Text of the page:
“The support of N of One is enabling a much needed study that would have been unlikely to be funded elsewhere. Because we have both witnessed  the antibiotic effect in our own children, we knew this was a natural starting point targeting a gap in published autism research. Our goals reach far beyond this first study and include using these initial data to more effectively subtype autism and thereby develop and deliver more effective microbial-based interventions.”

There is a growing recognition that the microbiome plays a role in autism.  In 2000, a clinical trial conducted at Chicago Rush Children’s Hospital demonstrated that eight out of 10 children experienced a significant improvement while taking the antibiotic vancomycin.  Despite this and numerous reports published in the media and medical literature of children with ASD unexpectedly improving while taking antibiotics, there have been no systematic attempts to investigating this antibiotic effect until now.

“The question of why some children’s autism symptoms improve is important to me scientifically and personally.  We saw this in our own child in 2012 and I published a paper describing what I saw.  Soon, I began hearing from parents all over the world who had observed same thing,”  Rodakis says.  "It was stunning to me that there was a frequently reported phenomenon of improvement that was not being used as a clue to guide further research.  Today we begin that process."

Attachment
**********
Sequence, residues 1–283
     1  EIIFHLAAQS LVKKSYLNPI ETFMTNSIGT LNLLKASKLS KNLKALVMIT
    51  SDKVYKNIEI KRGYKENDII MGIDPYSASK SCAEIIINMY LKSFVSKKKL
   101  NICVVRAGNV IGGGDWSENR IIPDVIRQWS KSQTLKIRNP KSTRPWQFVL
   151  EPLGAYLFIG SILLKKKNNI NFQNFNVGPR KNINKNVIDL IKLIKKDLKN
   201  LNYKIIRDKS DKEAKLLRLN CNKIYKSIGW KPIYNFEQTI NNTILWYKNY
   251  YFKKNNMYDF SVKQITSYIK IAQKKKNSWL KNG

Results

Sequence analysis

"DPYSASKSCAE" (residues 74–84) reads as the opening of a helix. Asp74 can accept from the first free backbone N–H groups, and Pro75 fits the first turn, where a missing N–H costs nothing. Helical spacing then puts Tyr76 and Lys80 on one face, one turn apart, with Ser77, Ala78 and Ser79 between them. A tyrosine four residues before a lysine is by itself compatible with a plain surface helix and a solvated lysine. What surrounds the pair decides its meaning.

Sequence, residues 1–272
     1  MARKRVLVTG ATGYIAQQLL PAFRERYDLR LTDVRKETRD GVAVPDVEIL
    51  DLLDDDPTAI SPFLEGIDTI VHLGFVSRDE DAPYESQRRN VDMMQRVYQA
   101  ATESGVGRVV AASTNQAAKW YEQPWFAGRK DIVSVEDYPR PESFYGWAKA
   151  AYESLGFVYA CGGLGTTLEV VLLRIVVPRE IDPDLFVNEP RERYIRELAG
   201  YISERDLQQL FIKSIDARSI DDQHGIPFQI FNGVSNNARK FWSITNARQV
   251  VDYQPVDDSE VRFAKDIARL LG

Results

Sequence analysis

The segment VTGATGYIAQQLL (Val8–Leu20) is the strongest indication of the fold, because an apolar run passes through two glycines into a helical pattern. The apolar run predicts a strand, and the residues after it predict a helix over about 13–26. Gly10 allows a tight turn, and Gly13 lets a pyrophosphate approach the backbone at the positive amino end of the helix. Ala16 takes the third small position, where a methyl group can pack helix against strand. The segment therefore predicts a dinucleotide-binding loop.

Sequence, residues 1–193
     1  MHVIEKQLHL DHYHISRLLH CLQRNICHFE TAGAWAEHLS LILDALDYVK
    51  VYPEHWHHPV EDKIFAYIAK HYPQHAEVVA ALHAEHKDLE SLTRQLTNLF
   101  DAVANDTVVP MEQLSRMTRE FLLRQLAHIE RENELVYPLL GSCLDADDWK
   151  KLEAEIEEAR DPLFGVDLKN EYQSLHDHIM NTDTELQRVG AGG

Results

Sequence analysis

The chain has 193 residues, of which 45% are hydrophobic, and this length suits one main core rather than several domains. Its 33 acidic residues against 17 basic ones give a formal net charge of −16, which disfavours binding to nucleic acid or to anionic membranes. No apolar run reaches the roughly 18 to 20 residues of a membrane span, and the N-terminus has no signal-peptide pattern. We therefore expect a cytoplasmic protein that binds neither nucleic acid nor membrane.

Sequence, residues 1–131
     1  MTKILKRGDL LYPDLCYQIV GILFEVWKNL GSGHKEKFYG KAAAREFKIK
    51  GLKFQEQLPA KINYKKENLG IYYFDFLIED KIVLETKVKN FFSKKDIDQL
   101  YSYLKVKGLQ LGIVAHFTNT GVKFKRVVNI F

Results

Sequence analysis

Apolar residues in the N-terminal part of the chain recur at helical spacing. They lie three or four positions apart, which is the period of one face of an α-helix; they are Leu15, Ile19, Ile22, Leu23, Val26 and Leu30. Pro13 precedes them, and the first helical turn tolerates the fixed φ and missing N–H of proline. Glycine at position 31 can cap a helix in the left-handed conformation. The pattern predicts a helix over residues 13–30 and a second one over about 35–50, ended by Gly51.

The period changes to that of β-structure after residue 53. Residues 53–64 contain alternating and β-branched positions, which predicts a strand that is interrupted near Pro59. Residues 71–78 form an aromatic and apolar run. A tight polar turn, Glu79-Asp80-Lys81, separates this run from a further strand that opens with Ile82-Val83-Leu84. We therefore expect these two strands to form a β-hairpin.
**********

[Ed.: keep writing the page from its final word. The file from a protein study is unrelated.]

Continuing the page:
The phenomenon has parallels to the "fever-effect," an observation that some children with ASD experience improvements when they had a fever.  Parents had been reporting this for decades, but the reports were not followed up on until 2007 when a Johns Hopkins researcher, Dr. Andy Zimmerman, (a scientific advisor to N of One) documented the effect and later in 2014 used the observations as the basis for a successful treatment trial using sulforaphane, a compound found in broccoli. N of One: Autism Research Foundation was also a sponsor of that trial.

The trial is open to children nationwide.  Parents who are interested in participating in the trial can visit: or contact Dr Luna at

About N of One: Autism Research Foundation:


N of One: Autism Research Foundation's mission is to facilitate and sponsor breakthrough autism medical research.  N of One emphasizes research that treats the observations of parents and doctors as potential clues to how autism works and seeks to turn those into breakthroughs.  Headquartered in Dallas, TX in 2014, it has been a leader in focusing on the role of the microbiome in autism.  Learn more at  Follow us on Facebook


Media Contact:

For N of One: Autism Research Foundation

John Rodakis

(972) 866-4905